Understanding IRA Distribution Rules
According to a recent study, 83 percent of people started working with a financial professional to build a retirement fund.¹ Given the complexity of the rules surrounding IRAs and employer-sponsored retirement plans, it's easy to understand why.
Consider the distribution rules. After age 59½, you can begin withdrawing funds from tax-deferred retirement plans and avoid the 10 percent early-withdrawal penalty.² If you decide to wait, you generally must begin taking required minimum distributions (RMDs) from these plans once you reach age 70½ (Roth IRAs and annuities are exceptions).³ In succeeding years, minimum annual distributions must be taken no later than December 31. Failure to take the required annual distribution could result in a 50 percent income tax penalty on the amount that should have been withdrawn.
Required minimum distributions are mandatory to help ensure that you pay taxes on funds you have accumulated in tax-deferred retirement accounts, which were designed to provide retirement income.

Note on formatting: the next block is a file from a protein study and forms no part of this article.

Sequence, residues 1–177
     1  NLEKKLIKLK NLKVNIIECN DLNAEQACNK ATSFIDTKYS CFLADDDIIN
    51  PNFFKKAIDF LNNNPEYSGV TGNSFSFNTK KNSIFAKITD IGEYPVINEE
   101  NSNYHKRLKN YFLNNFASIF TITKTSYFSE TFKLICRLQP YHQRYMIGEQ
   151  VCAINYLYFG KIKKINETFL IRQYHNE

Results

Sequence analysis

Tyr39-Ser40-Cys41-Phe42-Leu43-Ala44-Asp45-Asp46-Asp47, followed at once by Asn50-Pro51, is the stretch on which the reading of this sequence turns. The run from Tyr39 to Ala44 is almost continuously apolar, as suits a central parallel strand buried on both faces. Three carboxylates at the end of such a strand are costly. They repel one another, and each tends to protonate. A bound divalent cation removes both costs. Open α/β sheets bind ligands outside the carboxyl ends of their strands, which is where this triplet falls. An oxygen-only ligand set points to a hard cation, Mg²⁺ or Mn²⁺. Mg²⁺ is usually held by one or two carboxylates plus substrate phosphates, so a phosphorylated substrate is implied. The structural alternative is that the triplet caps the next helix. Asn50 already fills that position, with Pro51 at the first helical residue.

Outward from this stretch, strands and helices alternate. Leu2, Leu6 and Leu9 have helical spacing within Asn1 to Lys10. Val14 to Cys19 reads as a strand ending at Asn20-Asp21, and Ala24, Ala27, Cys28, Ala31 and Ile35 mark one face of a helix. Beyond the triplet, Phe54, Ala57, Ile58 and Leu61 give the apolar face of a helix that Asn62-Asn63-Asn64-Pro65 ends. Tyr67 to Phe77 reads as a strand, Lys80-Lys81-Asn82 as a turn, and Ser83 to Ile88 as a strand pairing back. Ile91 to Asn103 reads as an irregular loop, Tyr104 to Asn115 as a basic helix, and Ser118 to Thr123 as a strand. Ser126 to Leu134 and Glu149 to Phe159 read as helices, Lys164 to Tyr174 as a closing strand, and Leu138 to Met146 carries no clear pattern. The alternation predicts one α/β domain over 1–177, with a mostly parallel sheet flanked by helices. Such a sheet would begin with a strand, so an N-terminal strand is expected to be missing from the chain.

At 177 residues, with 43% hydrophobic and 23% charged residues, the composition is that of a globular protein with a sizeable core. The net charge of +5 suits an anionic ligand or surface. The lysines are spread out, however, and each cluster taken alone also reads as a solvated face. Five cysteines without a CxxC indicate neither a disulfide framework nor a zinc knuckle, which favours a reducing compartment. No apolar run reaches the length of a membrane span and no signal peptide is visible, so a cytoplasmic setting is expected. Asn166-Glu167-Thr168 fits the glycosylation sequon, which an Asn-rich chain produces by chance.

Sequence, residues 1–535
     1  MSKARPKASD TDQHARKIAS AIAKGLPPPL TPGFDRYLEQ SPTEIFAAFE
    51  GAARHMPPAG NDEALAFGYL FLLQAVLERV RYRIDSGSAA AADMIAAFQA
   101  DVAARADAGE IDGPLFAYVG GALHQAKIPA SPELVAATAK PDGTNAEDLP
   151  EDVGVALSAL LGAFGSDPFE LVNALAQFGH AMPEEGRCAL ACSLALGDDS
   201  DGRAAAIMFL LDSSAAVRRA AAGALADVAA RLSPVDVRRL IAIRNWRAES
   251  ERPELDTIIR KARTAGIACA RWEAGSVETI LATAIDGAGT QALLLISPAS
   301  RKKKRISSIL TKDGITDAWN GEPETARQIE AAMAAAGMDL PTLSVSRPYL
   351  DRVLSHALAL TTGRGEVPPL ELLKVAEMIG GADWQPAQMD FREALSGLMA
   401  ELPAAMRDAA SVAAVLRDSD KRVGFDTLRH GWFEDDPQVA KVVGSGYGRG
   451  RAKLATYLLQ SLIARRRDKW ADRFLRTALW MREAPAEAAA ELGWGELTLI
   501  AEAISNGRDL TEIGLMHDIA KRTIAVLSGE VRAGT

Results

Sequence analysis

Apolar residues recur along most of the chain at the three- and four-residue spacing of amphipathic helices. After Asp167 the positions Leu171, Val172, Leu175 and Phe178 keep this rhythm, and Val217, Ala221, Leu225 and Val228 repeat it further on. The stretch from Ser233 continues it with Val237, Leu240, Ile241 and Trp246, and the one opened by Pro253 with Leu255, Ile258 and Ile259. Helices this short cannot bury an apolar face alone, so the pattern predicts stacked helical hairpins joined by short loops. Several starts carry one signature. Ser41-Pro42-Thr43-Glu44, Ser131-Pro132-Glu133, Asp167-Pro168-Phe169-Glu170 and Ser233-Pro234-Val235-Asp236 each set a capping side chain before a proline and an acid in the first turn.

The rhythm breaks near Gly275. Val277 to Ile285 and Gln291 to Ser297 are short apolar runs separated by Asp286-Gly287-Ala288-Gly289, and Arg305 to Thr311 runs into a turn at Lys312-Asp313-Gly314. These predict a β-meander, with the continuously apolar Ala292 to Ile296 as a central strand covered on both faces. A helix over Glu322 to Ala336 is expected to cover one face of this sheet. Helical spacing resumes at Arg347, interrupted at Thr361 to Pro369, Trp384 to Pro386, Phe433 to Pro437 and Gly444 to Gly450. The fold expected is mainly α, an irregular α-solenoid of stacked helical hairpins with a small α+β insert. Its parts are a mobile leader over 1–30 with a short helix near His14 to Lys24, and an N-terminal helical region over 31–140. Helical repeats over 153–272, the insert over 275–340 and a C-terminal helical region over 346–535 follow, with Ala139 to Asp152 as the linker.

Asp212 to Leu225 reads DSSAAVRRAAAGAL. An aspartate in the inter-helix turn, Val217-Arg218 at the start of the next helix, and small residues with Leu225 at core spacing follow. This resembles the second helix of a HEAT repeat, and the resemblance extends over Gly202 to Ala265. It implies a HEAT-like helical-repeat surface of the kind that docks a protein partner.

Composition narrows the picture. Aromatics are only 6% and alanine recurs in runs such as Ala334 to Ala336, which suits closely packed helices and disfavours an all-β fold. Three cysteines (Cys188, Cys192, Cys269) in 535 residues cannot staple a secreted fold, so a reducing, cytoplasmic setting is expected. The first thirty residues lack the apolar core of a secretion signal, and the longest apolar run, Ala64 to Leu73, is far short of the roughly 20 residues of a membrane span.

Rules to Follow
The annual RMD will depend on your age, the value of your account(s), and your life expectancy. The calculation is fairly straightforward. Depending on your situation, use the appropriate IRS table, which shows different ages and distribution years. Simply divide the value of your retirement account balance at the end of the previous year by your life expectancy factor, based on the numbers in the table.
If you have several IRAs, calculate the RMD for each account to arrive at the total. If you wish, you can take the total amount from one account to meet your RMD. However, if you also have money in an employer-sponsored retirement plan, you need to take money from each type of plan. And if you have more than one employer plan, you must take separate withdrawals from each.
Most people understand the importance of putting money into their retirement plans, but many are not aware of the rules for taking their money out. Please call to review your options before you make any decisions you might regret later.
Business Daily, April 29, 2004
|¹ First year yield/rate reflects fixed rate
plus premium bonus or interest rate enhancement.|
Interest is based on current rates and subject to change without notice.
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